trip dixon on 16 Feb 2001 15:39:00 -0000

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<nettime> UserViewer object/artist?? and the user-viewer:

>>just in consideration of what Josephine Berry and Josephine Bosma have 
>>been commenting around the constructions/ definitions/ histories of 
>>, I couldn't help but put finger to keyboard... 


Somewhere between the expansion of early 20th Century film, television in 
the 1950's and the use of video in the 1960's, artwork that was created for 
viewing on the TV screen, or similar projection became comprehensible as 
film or video art. This artwork did not require any technological 
understanding of the medium itself to view it, nor an knowledge of the 
devices to view it.  The act of viewing could simply the theatre-style eyes 
forward in anticipation of what is occurring in front of them.  This 
image-information feeding process was very much an extension of the physical 
viewing body of painting, reading, or music listening. The increased popular 
understanding of installation work and performance in the 1960's and 70's 
helped the theatre-style viewer to become more of a participant, a part of 
the work in execution. But in the 1990's a new method of artistic creation 
lead to the development of a whole new viewer.  A more technologically savvy 
viewer was required to learn the processes of a machine and its system of 
operation before viewing the next art: the This viewer is the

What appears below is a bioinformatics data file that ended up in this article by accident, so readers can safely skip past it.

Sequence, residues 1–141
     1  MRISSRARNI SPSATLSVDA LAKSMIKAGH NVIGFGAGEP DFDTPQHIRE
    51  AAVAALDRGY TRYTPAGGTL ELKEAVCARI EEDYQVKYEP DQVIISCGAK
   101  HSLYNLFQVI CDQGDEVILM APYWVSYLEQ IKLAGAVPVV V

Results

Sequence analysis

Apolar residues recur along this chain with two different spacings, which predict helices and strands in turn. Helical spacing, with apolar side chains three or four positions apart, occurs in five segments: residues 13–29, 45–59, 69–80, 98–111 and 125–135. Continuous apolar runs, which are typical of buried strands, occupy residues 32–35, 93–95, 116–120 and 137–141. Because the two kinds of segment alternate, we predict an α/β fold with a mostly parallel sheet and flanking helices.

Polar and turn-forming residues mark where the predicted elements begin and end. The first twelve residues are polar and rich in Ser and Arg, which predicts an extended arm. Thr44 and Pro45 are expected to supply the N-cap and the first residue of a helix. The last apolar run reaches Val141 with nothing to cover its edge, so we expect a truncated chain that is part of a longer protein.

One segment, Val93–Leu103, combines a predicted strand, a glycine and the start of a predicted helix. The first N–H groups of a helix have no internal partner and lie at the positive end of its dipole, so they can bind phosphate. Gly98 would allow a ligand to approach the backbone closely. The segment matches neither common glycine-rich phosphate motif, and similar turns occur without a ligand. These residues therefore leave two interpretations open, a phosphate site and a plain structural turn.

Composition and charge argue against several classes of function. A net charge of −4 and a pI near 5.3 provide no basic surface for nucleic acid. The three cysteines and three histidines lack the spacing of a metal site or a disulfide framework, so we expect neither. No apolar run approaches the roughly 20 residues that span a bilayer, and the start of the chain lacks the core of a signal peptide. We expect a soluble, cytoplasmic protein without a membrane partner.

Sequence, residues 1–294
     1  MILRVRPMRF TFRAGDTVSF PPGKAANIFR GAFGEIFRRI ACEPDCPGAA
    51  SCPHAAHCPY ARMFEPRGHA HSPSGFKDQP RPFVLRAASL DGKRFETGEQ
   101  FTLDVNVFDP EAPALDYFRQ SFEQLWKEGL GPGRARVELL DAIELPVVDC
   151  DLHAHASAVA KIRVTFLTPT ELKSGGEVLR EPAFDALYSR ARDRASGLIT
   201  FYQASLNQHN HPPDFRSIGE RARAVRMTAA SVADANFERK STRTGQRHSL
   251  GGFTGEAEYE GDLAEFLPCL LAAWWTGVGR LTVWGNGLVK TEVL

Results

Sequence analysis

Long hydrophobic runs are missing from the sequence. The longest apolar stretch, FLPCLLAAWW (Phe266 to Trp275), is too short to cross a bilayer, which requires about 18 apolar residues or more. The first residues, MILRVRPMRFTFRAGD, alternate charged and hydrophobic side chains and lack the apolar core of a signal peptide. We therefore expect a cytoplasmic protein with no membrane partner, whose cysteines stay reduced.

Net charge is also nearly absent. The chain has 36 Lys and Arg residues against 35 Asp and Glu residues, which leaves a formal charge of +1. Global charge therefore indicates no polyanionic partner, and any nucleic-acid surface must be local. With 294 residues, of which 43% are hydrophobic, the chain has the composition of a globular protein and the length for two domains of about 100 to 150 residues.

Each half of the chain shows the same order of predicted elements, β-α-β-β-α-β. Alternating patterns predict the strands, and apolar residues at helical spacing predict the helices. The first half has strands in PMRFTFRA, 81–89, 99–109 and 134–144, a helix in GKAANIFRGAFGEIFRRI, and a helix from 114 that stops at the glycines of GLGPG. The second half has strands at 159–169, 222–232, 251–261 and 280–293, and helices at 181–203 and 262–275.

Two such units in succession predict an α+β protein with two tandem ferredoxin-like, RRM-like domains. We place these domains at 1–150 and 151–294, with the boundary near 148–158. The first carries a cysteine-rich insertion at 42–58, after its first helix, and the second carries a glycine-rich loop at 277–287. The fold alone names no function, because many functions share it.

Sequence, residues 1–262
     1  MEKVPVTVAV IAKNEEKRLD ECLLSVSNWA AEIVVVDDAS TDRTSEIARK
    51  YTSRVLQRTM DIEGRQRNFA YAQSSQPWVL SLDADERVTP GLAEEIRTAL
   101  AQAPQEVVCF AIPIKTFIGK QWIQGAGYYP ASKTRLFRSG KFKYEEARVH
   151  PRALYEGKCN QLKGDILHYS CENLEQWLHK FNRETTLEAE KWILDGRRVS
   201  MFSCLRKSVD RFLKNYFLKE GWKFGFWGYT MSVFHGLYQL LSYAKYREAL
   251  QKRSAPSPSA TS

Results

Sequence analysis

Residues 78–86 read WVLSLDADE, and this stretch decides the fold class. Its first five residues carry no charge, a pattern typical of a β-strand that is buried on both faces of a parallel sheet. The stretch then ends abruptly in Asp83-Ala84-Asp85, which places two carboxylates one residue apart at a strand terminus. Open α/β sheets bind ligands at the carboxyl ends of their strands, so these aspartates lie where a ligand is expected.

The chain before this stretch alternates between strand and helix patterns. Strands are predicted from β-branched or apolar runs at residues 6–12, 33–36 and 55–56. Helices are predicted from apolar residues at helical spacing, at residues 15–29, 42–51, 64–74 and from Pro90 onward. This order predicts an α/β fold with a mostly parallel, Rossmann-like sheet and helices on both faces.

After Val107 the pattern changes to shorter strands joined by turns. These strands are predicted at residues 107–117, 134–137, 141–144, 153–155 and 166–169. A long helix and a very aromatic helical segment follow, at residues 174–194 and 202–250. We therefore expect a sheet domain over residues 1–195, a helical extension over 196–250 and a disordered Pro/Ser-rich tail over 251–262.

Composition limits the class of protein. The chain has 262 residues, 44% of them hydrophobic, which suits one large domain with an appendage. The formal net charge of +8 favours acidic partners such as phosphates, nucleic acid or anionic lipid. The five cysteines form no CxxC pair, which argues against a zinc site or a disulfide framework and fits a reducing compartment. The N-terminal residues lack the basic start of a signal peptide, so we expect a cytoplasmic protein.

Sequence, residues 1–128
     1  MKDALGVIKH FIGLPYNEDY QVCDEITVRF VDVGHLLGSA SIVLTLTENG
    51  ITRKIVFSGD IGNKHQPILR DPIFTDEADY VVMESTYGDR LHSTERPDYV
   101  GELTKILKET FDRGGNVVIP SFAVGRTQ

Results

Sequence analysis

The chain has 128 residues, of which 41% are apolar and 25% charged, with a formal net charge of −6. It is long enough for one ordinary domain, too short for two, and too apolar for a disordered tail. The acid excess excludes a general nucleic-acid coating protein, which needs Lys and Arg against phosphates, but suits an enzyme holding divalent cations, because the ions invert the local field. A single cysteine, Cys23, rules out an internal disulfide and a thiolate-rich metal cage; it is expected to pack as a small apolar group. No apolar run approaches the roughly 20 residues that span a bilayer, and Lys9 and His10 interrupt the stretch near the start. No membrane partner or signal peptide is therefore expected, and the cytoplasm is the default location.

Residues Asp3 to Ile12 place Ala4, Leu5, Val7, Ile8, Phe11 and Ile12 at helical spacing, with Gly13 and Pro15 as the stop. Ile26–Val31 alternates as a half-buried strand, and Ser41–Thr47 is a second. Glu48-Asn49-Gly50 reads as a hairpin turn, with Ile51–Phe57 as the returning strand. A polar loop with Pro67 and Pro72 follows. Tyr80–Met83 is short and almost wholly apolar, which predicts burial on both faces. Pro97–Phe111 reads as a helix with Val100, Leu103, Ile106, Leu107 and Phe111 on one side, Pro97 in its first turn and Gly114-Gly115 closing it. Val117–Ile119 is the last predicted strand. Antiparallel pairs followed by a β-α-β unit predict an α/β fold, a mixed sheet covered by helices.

user-viewer: an individual that is required to use a system of hardware and 
software in order to view the artwork presented in front of him or her.

A user is a sender-receiver of information between him/herself and the 
machine with which s/he is communicating.  The viewer is still the 
information receiver of images and still the participant in the work, but 
s/he need not be educated in the method of receiving information. The 
user-viewer is one who critically observes and participates within an 
artwork that requires both technological user interactivity, and viewer 
interpretation.  The user-viewer is the critical, observational, 
sender-receiver of artwork that has been called

There has been no other time where the viewer of art has been required to 
have access to, and know the basic methods of using mechanical-electrical 
equipment in order to view an artwork such as  It is not the simple 
process of plugging in and turning on of a device, such as a television, in 
order to access the work.  Equipment must be on, the mechanical devices of 
the mouse and keyboard must be present and functional.  The user must know 
that one must speak and listen to the electronic device of the computer 
through the combination of keyboard, mouse, screen and speakers.  The 
computer is a whole new piece of personal communication skin and appendages. 
  The computer is the extension of a physical and cerebral method of 
communication that allows us to interpret information by video-mechanical 
selection.  We have the capabilities of interaction, and feedback, which 
lets us choose a route of possibilities that will affect the experience of 
viewing artwork.

So what? So we've created an art that is technologically dependent and 
accessible only by those fortunate to find and learn how to use the tools 
that are necessary to view the artwork.  This can be considered as a 
method of continuous self-referencing, through its obvious limitations of 
image-illusion-physicality rendering. Net-art does not exist without the 
user-viewer, although the user-viewer does exist without The 
user-viewer must be conscious of his/her own machine.  S/he must be made 
more aware of the structures, limitations and possibilities that lie within 
the machine and its software, and this can be done through, 
interface art, hacker art, or CD-Rom art. We are friends with our machines 
and good friends get to know each other, to sit with patience and say, "I 
love my computer."  Or, as in the case of all those including jodi, "we love 
your computerů"

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